Thursday, April 5, 2012

Australian of the Week: Mystery Oedomerid Maybe

Spring in the Home Bug Garden - 5 April 2012
To paraphrase what a friend of Samuel Clemens allegedly said several times, 'the Home Bug Gardener often complains about the weather, but never does anything about it'. Well, after today's heart-attack cum hernia snowstorm, I'm doing something: indulging in nostalgia for a warmer climate without tons of snow that need moving.
Sulphur-crested Cockatoo - Qld version of snow
I once saw frost in Brisbane, in an open field on a cold winter morn, was once snowed on while driving on the New England Tablelands, and saw snow on the ground in the Snowy Mountains, Victorian Alps, and Tasmania. That is where snow belongs as far as I am concerned - on the ground and NIMBY! Sure you can see paddocks white with sheep or cockatoos in Queensland, but snow is as rare as the Aurora Australis.
False Blister Beetle - Lamington National Park
So here is a bit of colour from a long lost and much lamented research site, an oedomerid beetle from Lamington National Park (named after the Lord, not the possibly eponymous pastry). Allegedly this beetle (scanned in from an old slide film image) is Agasma semicrudum. But neither the all-knowing Google nor the Web of Science can confirm this and the only citation in the latter is a 20 year old paper in the Young Entomologist's Society Quarterly*. The genus Agasma was moved from the Malacodermidae to the Oedomeridae by Arthur M. Lea in 1909 (London Transactions of the Entomological Society: 45-251), apparently in a small taxonomic spat with a T. Broun (1909. Annals & Magazine of Natural History Series 8, 3: 223-233; 385-415). After this transformation, however, our mystery red and black beetle seems to disappear until the Young Entomologists had a go. Perhaps some beetle fancier can offer some advice?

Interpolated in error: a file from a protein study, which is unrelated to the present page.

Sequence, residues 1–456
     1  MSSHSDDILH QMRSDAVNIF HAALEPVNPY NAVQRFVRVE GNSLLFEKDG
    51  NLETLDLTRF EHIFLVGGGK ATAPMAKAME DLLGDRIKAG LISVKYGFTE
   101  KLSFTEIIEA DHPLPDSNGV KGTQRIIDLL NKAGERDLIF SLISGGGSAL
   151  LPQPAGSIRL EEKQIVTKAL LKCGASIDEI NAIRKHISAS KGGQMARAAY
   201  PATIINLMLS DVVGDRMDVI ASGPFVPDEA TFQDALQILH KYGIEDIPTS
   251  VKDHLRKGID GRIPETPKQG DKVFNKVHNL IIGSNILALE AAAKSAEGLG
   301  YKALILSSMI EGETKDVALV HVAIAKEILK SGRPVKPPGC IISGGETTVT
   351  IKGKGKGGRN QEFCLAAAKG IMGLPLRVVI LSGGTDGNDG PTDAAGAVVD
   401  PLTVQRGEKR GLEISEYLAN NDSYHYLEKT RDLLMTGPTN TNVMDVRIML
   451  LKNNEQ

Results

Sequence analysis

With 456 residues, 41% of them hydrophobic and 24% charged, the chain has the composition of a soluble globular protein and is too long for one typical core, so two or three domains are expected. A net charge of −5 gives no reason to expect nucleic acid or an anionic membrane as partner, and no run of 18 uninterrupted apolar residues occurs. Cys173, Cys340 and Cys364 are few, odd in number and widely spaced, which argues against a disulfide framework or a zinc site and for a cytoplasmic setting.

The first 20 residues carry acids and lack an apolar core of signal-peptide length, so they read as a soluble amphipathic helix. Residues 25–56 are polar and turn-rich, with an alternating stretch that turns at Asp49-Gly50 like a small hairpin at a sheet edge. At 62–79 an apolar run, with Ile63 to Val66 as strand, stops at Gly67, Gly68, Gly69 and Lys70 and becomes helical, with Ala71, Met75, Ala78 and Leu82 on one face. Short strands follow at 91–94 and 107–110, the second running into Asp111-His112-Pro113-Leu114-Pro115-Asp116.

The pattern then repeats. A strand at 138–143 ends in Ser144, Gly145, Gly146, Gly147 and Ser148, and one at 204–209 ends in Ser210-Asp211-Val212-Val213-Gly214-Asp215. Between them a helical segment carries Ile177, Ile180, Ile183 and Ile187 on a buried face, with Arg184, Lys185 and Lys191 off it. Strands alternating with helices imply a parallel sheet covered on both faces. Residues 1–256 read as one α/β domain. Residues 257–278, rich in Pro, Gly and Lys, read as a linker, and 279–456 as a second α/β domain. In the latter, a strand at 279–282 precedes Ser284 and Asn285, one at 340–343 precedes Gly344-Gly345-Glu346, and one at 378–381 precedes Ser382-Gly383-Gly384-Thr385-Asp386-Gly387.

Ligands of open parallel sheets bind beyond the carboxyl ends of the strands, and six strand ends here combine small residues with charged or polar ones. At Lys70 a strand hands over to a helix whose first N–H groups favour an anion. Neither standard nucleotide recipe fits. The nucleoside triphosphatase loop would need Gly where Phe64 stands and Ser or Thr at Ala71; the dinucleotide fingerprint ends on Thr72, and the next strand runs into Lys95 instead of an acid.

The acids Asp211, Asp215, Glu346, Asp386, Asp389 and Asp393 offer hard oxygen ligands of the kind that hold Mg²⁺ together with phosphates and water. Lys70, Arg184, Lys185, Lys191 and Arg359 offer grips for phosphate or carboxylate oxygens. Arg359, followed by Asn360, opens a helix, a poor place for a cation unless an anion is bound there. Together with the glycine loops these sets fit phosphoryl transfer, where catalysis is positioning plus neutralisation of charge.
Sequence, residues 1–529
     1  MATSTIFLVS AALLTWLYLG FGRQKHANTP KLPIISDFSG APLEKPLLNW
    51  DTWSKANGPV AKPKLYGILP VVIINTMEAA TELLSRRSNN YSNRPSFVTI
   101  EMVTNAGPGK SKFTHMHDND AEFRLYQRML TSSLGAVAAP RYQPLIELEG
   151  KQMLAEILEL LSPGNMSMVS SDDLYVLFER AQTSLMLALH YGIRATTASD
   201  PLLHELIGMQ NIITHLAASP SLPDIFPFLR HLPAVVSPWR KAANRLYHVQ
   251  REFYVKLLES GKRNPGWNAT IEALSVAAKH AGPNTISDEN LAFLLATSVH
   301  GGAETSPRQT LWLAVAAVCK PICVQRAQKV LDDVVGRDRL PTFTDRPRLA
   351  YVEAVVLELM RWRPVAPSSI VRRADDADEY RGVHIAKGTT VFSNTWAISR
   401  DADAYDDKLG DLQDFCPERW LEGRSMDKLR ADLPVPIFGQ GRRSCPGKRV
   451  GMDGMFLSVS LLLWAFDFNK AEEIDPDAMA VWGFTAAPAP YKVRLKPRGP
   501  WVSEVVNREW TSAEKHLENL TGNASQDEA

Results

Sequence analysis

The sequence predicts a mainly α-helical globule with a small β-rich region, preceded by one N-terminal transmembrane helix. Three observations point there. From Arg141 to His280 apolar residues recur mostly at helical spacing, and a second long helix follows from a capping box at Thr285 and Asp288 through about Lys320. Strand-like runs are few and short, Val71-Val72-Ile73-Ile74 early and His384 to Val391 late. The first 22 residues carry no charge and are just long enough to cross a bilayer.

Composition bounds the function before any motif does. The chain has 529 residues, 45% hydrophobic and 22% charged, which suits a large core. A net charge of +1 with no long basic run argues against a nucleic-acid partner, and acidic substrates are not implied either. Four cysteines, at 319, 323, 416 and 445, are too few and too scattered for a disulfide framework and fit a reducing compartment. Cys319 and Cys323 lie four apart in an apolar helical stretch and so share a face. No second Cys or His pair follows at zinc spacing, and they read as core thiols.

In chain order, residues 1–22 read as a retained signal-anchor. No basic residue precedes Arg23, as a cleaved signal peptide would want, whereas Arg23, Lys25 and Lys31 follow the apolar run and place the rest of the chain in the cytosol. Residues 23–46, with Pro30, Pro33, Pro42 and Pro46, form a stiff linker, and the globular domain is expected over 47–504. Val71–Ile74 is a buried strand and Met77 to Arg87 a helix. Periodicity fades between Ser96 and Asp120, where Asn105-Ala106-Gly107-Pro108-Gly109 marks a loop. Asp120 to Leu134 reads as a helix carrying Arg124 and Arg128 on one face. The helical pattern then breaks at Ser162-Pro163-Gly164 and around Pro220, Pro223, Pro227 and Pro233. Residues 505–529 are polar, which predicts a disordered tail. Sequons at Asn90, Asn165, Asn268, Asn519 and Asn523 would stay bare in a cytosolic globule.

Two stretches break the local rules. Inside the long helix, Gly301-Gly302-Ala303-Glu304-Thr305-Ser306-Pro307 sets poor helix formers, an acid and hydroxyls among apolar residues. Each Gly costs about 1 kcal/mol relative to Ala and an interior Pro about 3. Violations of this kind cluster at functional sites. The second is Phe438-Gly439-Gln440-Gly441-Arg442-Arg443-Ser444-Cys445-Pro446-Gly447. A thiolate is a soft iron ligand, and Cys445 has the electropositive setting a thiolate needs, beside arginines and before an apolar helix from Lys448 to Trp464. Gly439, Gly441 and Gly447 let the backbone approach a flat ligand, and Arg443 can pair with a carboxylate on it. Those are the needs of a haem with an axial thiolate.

Food and defence: chrysomelid larvae bums outward on gum leaf
Speaking of Queensland beetles, I used the above picture of a group of grubs of a leaf beetle (Chrysomelidae) as an example of group-feeding/ communal defence in lectures for several years. I always wondered what they might be, and now Myrmecos has offered a possible answer: Paropsisterna. We do have chrysomelid grubs that feed on tree leaves here in Alberta, but they seem to do so singly, so probably lack the cyanidic bums. Willows are a good place to look for them - once the trees have leaves and the snows are well and truly gone.
Chrysomelid grub on willow (probably Chrysomela sp.)
Well, I've had my rant and my rest from shovelling, and now it is time to sand the walkways so the neighbours and ourselves can walk them tomorrow without falling on our bums.
Grevillea coccinna, King's Park, WA

*Mawdsley, J. R. 1992. A new example of mimicry in Coleoptera from Australia. Young Entomologists' Society Quarterly 9(3):21-24.


  1. I'm glad we finally have an idea of what the chrysomelid larvae are. I'm embarrassed to admit that for years after taking this photo I thought I had a great shot of group defense in sawfly larvae.


  2. Perfect shot you've made to those larvae.